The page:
# why is wall voltage measuring 175V?

I was trying to use a DM-4100A multimeter to verify a power supply, and I'm not sure I'm using the multimeter correctly. The multimeter is >10 years old too, so maybe it is not working correctly.

When I set the meter to measure AC voltage, with a 500V or 200V max, it reports 170-175V. I was expected more around 120V (I am in the USA). Is 170V an expected voltage, or would that suggest I'm doing it wrong?

UPDATE: It sounds like it may be reporting peak voltage instead of RMS. The multimeter does not seem to have an RMS setting. Can I just take the voltage and divide by 1.414 to get the RMS voltage? I want to do this for the purposes of verifying whether power adapter is still producing the correct voltage.

• Many digital multimeters will give wrong readings if the battery is weak. Try measuring 9 volt and 1.5 volt batteries, as another reference. I have an older meter that started reading incorrectly for no apparent reason, and a fresh battery didn't help. May 16, 2013 at 22:33
• The document strongly suggests that the instrument is supposed to measures RMS AC.
– Kaz
May 17, 2013 at 1:31
• Warning! This could also be a loose neutral picking up another phase! Measure between one leg and ground and you should get ~ 120v, and another leg and ground should get very near 0v. If you have a substantial non-zero voltage you need to get an electrician out immediately. May 17, 2013 at 18:49
• When using a multimeter I frequently reverse the leads to verify a reading. If I see 170 volts AC then I switch the multimeter's black and red wires and see if it still reports 170 volts. As 170v is not expected I would disconnect that power supply ASAP and then try the multimeter in several AC outlets and perhaps in another building to see if the meter is consistently wrong or your power supply is unusual or failed. The power supply may be generating an unusual waveform that the multimeter interprets as 170 volts. As it's supposed to be 120 volts I would discard that power supply as failed May 20, 2021 at 17:27

The manual you linked to, on page 3 says "Average responding, calibrated in RMS of sine wave", so it should not display the peak value of the AC voltage. I would not trust it, or "adjust the reading to RMS" by dividing by 1.4.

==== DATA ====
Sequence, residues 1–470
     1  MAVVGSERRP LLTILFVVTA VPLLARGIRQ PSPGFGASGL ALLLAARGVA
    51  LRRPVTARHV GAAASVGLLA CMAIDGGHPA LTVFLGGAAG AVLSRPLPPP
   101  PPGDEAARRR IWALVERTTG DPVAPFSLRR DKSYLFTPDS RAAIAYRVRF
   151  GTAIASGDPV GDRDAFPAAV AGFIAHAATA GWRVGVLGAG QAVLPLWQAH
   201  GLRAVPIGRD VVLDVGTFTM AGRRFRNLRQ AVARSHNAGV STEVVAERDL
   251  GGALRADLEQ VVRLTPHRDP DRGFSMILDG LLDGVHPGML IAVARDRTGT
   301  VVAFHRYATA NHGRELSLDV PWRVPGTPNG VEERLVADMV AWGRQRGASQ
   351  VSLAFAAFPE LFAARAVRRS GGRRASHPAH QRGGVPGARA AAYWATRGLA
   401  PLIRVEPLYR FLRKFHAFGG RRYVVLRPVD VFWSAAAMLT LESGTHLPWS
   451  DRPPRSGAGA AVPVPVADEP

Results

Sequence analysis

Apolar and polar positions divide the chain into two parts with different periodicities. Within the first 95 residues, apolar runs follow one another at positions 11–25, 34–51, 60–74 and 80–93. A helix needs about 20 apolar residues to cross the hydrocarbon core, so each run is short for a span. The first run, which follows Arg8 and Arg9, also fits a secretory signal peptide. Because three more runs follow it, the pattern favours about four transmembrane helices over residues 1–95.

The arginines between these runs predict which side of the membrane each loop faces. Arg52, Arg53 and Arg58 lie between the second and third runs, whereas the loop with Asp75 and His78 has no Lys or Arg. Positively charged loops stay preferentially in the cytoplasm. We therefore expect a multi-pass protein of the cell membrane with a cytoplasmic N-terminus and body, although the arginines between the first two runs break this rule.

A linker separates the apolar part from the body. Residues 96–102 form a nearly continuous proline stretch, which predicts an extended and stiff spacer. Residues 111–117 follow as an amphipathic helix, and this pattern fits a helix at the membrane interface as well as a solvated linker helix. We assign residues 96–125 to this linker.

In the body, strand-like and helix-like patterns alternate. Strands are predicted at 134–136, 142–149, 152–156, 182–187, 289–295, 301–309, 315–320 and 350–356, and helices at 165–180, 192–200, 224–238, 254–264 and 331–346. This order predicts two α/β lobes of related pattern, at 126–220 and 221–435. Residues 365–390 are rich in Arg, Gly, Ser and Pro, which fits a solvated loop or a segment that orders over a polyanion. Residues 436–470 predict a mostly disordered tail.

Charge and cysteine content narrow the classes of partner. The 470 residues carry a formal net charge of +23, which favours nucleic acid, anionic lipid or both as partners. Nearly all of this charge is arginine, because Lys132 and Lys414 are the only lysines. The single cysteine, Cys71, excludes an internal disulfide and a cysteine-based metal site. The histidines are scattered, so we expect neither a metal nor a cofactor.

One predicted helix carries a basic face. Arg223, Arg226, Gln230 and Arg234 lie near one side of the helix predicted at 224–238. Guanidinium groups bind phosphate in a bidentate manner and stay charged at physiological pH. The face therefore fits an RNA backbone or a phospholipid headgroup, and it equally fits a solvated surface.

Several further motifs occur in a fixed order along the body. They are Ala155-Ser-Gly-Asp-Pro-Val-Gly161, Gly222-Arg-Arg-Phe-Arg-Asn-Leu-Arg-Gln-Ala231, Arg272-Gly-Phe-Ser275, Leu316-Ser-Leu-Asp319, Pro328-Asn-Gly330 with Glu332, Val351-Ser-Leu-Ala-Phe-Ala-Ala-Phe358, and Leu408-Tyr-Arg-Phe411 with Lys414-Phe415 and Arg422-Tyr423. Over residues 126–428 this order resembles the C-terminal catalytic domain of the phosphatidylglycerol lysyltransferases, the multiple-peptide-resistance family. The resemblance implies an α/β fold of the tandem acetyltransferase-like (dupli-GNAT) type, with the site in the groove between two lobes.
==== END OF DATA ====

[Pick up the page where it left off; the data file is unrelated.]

I suggest you get another meter, as this one appears to be broken in some way.

At 120 $V_{rms}$ your peak voltage should be $\sqrt{2}*120=169.7$ -> ~$170$ so you must have a peak hold function on that DMM.

It's either that or all the appliance you have plugged into that circuit are exploding around you ... becasue 175 $V_{rms}$ represents a 2X factor in power, most appliances would have problems with that.

update: after posting the manual, it's apparent that this DMM does not have a $V_{peak}$ ability. The natural conclusion is that the DMM is not functioning properly.

170V would be approximately the peak voltage reading of a 120V (rms) AC source. If you multiply the rms voltage of 120v by 1.414 you will get 170v. Does your meter suggest that it is measuring Peak voltage? Does it have another setting which measures RMS voltage?

UPDATE: It sounds like it may be reporting peak voltage instead of RMS. The multimeter does not seem to have an RMS setting. Can I just take the voltage and divide by 1.414 to get the RMS voltage? I want to do this for the purposes of verifying whether power adapter is still producing the correct voltage.

If this is indeed correct, then YES.

$$V_{rms} = \frac{V_{peak}}{\sqrt{2} \approx 1.414}$$

• Just want to mention that this isn't wrong, but it's true if, and only if, you know that it's a proper sine wave AC and that you're actually measuring the peak. If either of these things is in question, assuming that you're measuring the peak of a sine wave may put you in danger. As other answers said: read your meter's documentation and get a different one if you're not sure. Don't make assumptions when it comes to mains voltages. Apr 8, 2018 at 4:48